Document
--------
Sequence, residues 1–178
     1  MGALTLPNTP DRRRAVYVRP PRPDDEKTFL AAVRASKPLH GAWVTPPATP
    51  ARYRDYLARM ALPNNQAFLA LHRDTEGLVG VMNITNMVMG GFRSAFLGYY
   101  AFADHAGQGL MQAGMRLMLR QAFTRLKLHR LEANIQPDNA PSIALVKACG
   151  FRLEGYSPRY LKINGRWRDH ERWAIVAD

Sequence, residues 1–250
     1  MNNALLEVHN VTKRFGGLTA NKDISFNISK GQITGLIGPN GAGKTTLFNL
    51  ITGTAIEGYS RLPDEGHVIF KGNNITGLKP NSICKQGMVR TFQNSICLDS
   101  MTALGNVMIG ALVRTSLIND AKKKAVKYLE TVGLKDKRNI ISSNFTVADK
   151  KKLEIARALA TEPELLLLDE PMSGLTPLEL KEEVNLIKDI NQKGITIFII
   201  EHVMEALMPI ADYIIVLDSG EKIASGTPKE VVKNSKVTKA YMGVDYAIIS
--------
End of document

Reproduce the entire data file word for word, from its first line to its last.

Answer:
Sequence, residues 1–178
     1  MGALTLPNTP DRRRAVYVRP PRPDDEKTFL AAVRASKPLH GAWVTPPATP
    51  ARYRDYLARM ALPNNQAFLA LHRDTEGLVG VMNITNMVMG GFRSAFLGYY
   101  AFADHAGQGL MQAGMRLMLR QAFTRLKLHR LEANIQPDNA PSIALVKACG
   151  FRLEGYSPRY LKINGRWRDH ERWAIVAD

Sequence, residues 1–250
     1  MNNALLEVHN VTKRFGGLTA NKDISFNISK GQITGLIGPN GAGKTTLFNL
    51  ITGTAIEGYS RLPDEGHVIF KGNNITGLKP NSICKQGMVR TFQNSICLDS
   101  MTALGNVMIG ALVRTSLIND AKKKAVKYLE TVGLKDKRNI ISSNFTVADK
   151  KKLEIARALA TEPELLLLDE PMSGLTPLEL KEEVNLIKDI NQKGITIFII
   201  EHVMEALMPI ADYIIVLDSG EKIASGTPKE VVKNSKVTKA YMGVDYAIIS